If Bologna is the red city, Bergamo is the green. Lesser frequented by tourists, it is a paradoxical city that is filled with touches of the greenery that surround it. Known for its food, it also goes down in my books as having among the most fashionably dressed in Italy.
Let me be frank: getting there was a nightmare. As one of the most expensive and lengthly day visits from Verona, getting on to the wrong train was the last thing I wanted to happen. But alas, after getting another 2 trains and loosing 3 hours, I set foot in the city.
The city is divided into two parts: Città Alta, a historical village perched on the hills, forming a backdrop for the lower, modern part of the city (Città Bassa). In between the two the city walls, marked and protected by the lion (symbol) of Venice.
A relatively short, steep walk leads you to the historic part of the city (with cars speeding past in the narrow roads). The key places of interest in close proximity; the gothic church is a stone’s throw from the university. With a cable car ride, you can reach San Vigilio, home to a castle and panoramic views of the alta and basso parts of the city.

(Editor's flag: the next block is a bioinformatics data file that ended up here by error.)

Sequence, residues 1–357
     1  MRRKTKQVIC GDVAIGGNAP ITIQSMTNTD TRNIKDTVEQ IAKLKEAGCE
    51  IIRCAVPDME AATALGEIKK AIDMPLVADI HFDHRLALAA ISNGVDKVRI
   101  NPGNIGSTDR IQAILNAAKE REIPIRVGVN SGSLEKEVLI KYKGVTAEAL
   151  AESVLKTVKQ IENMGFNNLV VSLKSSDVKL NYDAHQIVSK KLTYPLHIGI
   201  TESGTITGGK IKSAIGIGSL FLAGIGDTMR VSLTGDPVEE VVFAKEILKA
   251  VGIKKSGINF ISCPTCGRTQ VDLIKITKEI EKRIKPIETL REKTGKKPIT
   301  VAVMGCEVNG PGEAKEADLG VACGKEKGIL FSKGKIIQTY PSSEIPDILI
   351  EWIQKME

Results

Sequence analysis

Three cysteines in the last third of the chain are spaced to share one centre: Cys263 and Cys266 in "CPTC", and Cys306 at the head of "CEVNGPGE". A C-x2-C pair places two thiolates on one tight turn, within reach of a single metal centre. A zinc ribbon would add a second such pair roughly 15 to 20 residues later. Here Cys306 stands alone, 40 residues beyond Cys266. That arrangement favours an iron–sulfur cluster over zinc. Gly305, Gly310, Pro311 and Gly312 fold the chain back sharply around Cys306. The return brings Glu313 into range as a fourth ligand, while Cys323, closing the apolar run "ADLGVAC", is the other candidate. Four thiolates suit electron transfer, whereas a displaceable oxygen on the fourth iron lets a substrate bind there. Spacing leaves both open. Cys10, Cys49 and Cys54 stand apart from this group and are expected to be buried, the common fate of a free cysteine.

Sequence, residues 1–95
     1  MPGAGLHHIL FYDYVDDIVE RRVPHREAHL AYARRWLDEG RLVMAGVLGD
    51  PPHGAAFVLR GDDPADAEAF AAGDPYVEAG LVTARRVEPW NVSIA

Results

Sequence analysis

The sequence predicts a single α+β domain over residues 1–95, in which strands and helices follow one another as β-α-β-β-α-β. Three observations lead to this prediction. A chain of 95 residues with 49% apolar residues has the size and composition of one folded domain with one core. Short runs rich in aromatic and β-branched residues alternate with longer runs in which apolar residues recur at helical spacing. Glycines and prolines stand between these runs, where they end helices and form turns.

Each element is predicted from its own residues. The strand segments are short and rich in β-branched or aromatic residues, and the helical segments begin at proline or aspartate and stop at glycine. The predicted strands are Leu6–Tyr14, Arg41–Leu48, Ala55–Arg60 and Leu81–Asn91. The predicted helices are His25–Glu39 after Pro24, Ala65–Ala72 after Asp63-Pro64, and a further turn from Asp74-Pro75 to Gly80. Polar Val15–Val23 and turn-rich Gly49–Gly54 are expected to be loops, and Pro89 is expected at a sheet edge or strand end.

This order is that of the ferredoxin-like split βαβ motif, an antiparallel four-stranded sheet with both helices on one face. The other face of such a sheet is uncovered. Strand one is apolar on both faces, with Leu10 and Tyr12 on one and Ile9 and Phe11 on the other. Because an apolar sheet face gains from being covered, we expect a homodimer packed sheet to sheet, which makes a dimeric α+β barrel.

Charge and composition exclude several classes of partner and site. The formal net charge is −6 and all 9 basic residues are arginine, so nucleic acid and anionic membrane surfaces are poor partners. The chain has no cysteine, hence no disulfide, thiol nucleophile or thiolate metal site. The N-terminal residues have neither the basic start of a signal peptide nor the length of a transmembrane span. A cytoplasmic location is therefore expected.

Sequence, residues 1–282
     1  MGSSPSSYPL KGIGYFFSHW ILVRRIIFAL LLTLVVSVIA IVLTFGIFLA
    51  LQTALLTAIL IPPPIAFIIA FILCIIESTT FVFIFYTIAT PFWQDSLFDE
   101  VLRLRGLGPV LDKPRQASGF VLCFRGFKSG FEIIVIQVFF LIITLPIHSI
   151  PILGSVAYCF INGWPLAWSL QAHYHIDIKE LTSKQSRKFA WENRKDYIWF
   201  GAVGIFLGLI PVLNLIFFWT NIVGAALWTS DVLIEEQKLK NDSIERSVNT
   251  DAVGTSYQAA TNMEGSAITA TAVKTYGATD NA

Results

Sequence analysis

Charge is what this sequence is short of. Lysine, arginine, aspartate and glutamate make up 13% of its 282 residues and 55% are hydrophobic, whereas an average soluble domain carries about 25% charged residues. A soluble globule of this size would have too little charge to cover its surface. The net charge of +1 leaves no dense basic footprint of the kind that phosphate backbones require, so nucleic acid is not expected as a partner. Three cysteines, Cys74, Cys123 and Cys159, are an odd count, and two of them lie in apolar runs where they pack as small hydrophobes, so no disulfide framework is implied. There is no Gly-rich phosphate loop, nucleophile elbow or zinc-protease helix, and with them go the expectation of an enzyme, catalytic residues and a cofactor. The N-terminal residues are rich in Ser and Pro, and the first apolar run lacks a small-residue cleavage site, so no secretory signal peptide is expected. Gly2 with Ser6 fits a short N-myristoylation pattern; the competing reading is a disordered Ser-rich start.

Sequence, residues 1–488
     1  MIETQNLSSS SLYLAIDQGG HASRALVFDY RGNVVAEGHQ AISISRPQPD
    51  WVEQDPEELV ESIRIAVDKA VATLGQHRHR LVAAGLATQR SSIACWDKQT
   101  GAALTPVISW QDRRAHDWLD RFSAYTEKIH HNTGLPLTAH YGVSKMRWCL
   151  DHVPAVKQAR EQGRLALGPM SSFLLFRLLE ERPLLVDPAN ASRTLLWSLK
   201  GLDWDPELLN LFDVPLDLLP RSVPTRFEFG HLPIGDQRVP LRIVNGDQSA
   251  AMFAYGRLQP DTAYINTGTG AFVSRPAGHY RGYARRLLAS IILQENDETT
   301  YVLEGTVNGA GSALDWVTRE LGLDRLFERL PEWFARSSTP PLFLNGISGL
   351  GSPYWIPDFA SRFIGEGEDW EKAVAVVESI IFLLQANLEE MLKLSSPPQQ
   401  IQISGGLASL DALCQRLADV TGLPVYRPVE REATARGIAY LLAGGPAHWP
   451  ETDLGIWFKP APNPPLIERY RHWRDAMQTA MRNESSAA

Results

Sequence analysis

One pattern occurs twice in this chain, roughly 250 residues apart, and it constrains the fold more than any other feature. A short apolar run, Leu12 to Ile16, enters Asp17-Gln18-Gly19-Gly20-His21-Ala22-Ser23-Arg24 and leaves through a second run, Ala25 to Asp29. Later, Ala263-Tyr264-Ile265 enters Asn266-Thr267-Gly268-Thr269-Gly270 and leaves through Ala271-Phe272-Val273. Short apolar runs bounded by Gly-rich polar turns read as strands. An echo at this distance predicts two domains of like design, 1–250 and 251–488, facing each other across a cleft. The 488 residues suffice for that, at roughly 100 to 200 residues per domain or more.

Bergamo is the home of polenta. Polenta, delicious cornmeal porridge that can be sweet or savory. Pastry shops sell polenta cakes and PolentOne, a fast-food style restaurant offers it with a variety of sauces. To be honest, this is the main reason I came to Bergamo and yes, all of my polenta dreams did indeed come true here.
To my surprise, Bergamo was filled with young people and their energy could be felt everywhere in the city’s modern half. Being here felt as if a step had been taken into someone’s computerized version of a futuristic city, with everything precisely placed and clean lines in the architecture. It’s what I imagine Germany to be like. Streetwear dons the bodies that hang out in the parks, on the stairs and walking about. Sneakers galore; street style heaven.